I was a rookie educator at the time, having just secured my first position as a seventh grade teacher in a self-contained classroom at a private school in New Haven. Weather was my passion, naturally, and I was able to share my excitement at the upcoming storm. Just three weeks into the profession, I received a week's vacation unexpectedly.
I was also a weekend newscaster and disc jockey at WMMM radio in Westport. I received a phone call from program director Gary Zenobia just after I returned home from school on Thursday afternoon requesting that I host an overnight newscast to inform our listeners about the impending storm and emergency measures which may have to be taken. WMMM was a daytime-only station, meaning it was on the air during daylight hours and signed off at sunset, but this time it was granted an exception by the Federal Communications Commission.
As my family was applying duct tape to picture windows, securing lawn furniture, stocking up on non-perishable food, and checking batteries for flashlights and portable radios, I was packing a bag for my overnight stay at the radio station. We had a few reporters "on location" at various shelters throughout town, and then-First Selectman William Seiden joined me on the air most of the night to reassure listeners that their safety was our primary concern.
The overnight hours were anxious moments for all of us as we awaited the arrival of the storm. Local shelters began to fill up quickly, and I remember answering the telephone every couple of minutes from town residents who were sharing their concerns and fears. Gloria struck quickly and furiously. The hurricane hit New York and Connecticut as a moderate hurricane early the next day. At the time of landfall on Long Island, Gloria had sustained winds of 85 miles per hour, while rapidly moving forward at 35 miles per hour.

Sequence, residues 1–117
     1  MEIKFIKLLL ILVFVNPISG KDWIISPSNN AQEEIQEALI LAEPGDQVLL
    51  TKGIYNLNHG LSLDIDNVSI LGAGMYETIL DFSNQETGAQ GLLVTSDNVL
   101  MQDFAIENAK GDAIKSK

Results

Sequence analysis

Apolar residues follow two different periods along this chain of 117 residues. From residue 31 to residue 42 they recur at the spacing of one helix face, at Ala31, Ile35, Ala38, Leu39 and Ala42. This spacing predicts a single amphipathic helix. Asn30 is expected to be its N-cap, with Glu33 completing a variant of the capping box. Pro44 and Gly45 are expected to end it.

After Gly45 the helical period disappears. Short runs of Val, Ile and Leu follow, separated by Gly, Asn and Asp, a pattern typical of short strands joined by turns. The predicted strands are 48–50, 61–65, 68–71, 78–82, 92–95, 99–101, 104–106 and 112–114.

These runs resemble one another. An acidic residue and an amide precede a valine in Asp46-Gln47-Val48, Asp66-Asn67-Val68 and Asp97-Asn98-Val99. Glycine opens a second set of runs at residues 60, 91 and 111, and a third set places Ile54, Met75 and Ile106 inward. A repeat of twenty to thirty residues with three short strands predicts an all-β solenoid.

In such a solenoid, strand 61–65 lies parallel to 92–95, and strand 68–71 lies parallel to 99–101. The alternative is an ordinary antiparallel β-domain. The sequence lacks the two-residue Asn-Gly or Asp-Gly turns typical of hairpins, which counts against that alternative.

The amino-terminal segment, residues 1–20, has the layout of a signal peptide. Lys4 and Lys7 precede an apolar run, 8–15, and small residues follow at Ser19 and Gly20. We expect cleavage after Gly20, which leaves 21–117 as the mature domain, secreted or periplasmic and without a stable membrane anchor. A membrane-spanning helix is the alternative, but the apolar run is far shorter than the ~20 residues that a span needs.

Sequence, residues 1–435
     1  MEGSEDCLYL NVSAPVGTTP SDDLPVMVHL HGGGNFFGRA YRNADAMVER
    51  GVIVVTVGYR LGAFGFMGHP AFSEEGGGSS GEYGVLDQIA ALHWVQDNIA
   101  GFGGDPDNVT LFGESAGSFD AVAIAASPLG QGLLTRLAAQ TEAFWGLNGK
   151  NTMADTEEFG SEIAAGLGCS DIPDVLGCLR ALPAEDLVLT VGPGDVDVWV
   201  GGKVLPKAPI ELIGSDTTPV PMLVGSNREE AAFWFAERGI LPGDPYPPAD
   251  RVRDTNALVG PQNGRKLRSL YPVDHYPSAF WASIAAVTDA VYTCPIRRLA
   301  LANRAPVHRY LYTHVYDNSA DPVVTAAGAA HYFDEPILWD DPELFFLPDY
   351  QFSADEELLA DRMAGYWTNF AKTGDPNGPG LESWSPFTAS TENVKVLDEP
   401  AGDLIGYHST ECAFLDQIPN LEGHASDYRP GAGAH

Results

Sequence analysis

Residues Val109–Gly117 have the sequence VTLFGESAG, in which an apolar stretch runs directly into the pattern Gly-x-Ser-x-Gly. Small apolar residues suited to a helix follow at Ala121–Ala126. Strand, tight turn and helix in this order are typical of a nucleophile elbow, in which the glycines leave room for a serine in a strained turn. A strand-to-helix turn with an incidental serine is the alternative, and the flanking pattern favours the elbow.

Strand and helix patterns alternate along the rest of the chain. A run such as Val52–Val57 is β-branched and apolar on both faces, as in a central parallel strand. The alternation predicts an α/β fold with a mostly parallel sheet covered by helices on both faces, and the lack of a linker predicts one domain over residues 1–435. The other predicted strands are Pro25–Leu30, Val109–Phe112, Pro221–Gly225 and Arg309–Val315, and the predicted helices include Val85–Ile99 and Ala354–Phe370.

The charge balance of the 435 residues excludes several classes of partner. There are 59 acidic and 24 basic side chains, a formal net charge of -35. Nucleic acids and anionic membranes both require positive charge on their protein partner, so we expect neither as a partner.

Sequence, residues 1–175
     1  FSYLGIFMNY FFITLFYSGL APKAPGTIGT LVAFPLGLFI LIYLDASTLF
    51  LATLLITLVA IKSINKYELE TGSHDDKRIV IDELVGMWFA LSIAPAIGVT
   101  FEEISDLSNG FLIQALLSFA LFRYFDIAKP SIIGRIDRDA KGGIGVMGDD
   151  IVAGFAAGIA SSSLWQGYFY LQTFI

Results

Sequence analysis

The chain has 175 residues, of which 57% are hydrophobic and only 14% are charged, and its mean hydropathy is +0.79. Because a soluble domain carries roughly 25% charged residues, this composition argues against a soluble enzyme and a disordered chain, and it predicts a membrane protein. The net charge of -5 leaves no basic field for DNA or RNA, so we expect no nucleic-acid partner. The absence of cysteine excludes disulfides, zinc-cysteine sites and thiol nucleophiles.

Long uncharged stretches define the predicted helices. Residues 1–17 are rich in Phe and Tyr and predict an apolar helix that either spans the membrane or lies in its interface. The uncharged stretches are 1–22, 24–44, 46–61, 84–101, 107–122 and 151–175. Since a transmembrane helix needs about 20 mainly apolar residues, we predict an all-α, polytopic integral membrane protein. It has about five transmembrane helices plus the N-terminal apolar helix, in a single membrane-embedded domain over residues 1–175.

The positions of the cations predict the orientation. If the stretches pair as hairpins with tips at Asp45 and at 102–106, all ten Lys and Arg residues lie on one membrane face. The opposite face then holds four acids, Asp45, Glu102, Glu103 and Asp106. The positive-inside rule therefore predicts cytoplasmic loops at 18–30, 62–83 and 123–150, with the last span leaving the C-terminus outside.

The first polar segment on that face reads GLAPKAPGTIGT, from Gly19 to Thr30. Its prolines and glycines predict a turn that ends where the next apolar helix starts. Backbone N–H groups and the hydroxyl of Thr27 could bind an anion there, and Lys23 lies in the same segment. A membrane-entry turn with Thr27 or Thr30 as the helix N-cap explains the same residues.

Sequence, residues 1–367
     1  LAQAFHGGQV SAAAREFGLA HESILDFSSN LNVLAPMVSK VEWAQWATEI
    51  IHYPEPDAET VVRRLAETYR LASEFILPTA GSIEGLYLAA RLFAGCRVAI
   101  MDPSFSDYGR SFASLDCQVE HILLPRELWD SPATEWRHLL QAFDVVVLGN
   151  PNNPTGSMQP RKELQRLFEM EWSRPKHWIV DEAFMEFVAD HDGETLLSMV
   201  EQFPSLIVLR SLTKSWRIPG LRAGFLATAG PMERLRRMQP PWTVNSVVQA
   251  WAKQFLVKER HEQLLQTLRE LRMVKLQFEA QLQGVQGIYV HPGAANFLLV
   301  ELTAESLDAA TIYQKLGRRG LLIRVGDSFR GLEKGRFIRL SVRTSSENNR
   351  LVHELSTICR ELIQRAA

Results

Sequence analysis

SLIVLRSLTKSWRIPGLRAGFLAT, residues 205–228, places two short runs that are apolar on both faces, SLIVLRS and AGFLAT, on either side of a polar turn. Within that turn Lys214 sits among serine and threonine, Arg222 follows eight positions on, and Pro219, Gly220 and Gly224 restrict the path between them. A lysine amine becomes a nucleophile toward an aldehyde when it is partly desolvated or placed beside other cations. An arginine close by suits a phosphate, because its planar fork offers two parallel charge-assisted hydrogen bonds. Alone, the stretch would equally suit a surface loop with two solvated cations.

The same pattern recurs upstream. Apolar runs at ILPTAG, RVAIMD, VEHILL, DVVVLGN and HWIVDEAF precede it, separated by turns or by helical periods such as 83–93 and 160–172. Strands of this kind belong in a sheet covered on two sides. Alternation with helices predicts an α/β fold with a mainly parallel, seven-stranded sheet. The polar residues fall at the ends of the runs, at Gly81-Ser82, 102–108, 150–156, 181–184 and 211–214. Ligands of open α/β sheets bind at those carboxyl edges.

This combination of sustained winds and rapid forward motion produced major hurricane conditions and gusts to 115 mph across a narrow area of Eastern Long Island, New York. Although Gloria was not a major hurricane when it struck Connecticut, it was still the most damaging hurricane to strike the state since Carol in 1954. The rain began overnight, and before long the winds became a serious matter.
As the morning wore on, Gloria continued to accelerate northward off the Eastern seaboard, brushing the coastlines of Virginia, Maryland, Delaware, and New Jersey with hurricane-force gusts. Later that morning, Gloria finally crossed the coast of the United States mainland near western Long Island about 10-miles East of Kennedy International Airport. Passing over central Long Island, Gloria crossed the Connecticut coast near Bridgeport about 40 minutes later with sustained winds of 80 mph. By that time, I was already home, but there was no way I was going to go to sleep.